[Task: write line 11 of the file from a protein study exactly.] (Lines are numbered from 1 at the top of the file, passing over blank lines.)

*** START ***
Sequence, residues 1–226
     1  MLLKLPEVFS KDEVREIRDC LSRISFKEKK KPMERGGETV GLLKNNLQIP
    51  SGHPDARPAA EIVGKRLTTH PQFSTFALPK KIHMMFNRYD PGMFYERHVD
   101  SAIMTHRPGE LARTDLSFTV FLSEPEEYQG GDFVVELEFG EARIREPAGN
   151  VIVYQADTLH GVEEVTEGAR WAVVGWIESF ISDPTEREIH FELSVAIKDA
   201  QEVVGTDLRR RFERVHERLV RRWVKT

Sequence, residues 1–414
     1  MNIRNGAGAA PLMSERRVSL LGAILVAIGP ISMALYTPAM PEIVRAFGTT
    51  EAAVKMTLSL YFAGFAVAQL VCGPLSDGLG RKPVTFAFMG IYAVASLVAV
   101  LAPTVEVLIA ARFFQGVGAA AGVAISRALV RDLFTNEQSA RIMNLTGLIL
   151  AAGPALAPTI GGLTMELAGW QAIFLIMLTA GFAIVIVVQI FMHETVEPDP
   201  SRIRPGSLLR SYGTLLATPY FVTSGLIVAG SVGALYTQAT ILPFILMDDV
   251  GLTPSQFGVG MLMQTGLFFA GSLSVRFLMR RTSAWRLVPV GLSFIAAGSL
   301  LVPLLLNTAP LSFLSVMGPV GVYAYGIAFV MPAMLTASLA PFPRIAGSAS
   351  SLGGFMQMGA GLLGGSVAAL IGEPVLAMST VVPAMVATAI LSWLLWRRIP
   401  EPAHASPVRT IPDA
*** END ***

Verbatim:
   151  AAGPALAPTI GGLTMELAGW QAIFLIMLTA GFAIVIVVQI FMHETVEPDP